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What’s the deal with no deal Brexit

A disorderly Brexit is likely.

No deal was better than a bad deal, but unlikely, until the summer of 2018.

In August, no deal became an “uncomfortably high possibility,” to quote the Governor of the Bank of England Mark Carney. Then it became a 60-40% likelihood, to quote the UK’s Trade Secretary Liam Fox.  As we head towards the Conservative Party Conference in Birmingham (September 30-October 3rd), this has become a desirable scenario.

This week the opposition offered an alternative.

Labour offers an alternative

For the leader of the opposition, Jeremy Corbyn, a disorderly Brexit will be “a disaster.” To emphasise the point, he made his way to Brussels for consultations with the European Commissions’ chief Brexit negotiator Michel Barnier.

Corbyn comes from a Labour Party conference in Liverpool. During his leadership speech on Wednesday, Corbyn asked Theresa May to deliver a deal that entails a Customs union, never mind European environmental and labour rights standards.

Hours earlier, Brexit shadow Secretary Sir Keir Starmer also demanded access to the Single Market.

Unless such a deal is delivered, the Labour Party had made clear that a second referendum is a better than “no deal.” The Labour Party will vote down any deal that delivers less, demanding snap elections or a second referendum.

In a second vote, the option of Remain is on the table.

May’s position untenable

The British prime minister wants no Customs Union, no snap election, and certainly no referendum. She has made a deal in Salzburg and is sticking to her guns.

May does not want a Customs “union,” because that would mean no trade deals with the rest of the world. She wants a “combined” customs territory, in which the UK would adhere to EU standards, pay the divorce bill and go out to sign trade deals with the rest of the world.

In this scheme, the UK’s “concession” will be to retain EU regulation on chemicals, automotive, pharmaceuticals, biocides, which May describes as a “common rulebook.”

The bottom line is that the UK will have effective access to the Single Market with no contributions to the EU budget, no European Court of Justice jurisdiction, and no freedom of movement.

That “plan” is dead in the water. In the words of French prime minister Bruno Le Maire, “any decision that gives European citizens the impression that you can leave the EU and keep all the advantages would be suicidal.”

No deal and hope for the best

Vehemently opposing the idea of a common rulebook with the EU, Conservative backbenchers prefer a no deal scenario. Brexit hardliners push for a deregulation drive that will allow the UK to sign a series of trade deals around the world, beginning with the US.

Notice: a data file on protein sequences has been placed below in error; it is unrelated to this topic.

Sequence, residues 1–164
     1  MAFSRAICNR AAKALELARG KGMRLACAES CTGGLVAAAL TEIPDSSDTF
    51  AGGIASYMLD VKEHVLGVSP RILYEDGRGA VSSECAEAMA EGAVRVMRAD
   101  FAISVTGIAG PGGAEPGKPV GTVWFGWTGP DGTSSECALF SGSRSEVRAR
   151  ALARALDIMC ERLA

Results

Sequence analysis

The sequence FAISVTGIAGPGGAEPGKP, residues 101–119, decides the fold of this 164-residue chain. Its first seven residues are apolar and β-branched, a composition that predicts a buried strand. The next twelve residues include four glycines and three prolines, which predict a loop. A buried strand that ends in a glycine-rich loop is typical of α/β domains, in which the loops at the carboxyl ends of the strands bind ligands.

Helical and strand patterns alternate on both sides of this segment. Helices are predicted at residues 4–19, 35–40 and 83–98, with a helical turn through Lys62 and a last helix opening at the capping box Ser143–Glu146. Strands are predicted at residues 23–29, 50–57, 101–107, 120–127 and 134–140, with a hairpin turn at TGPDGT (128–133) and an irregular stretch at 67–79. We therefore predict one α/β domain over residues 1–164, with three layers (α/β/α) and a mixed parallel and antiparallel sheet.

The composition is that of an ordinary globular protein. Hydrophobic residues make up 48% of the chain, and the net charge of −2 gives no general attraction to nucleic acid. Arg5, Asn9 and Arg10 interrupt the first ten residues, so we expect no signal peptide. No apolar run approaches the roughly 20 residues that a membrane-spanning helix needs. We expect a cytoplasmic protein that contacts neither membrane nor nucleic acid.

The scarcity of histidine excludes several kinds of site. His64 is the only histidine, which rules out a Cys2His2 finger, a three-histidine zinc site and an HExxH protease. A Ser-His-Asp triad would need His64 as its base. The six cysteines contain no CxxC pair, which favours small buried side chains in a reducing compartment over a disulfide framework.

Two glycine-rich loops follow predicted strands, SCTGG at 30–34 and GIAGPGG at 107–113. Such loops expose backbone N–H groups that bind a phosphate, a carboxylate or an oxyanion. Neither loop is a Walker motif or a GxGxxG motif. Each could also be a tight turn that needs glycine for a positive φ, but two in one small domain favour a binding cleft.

This tribe of Conservatives wants a Canada Plus deal. The Commission has said, time and again, that what is on offer is nothing more than a Canada Dry Free Trade Agreement, which will not ensure frictionless cross-border movement.

Ireland will be the challenge.

Theresa May has signalled she will not agree to a deal that places Ireland in a special customs status, distinct from the UK. That means she is taking back her December 2017 “backstop” commitment. It also means relations with the EU could get combative.

Still, every day lost in negotiating May’s untenable position means the UK is drawing closer to “no deal.” For a significant part of the Conservative Party that is the point, as no deal secures a neat and clean break from the EU, with no transition period. The basic idea is ‘leave now and hope for the best.’

Bracing for no deal

The clock is ticking, and everyone is bracing for a no-deal crush.

Even if there was a deal, Theresa May would find it difficult to pass it through parliament.

Brussels is preparing, quite publicly. On Wednesday, EU 27 Diplomats were briefed on preparations for a disorderly Brexit. Part of the problem is that a deal may not be concluded in time to be ratified.

British industry is preparing, less publicly.

Car manufacturers are redrawing production schedules, preparing their IT systems for new red tape, and are stockpiling parts in preparation for a crush.

At stake, there are 850,000 jobs working in car manufacturing. From an EU perspective, at stake is the second biggest auto market in Europe that imports 85% of its cars.

Side deals

Because rushing out is plausible, diplomats are now focusing their energies on “no deal” deals that have to be made.

No deal means no transition period. And that will require crisis management. Air traffic controls, airport customs, Irish border controls, commuting in Gibraltar, perishable food transport, insulin and other types of medication are only some in a long list of concerns.

Brussels and London are preparing for those “side deals.” However, there is no denying that “no deal” means crisis.

First Published by New Europe: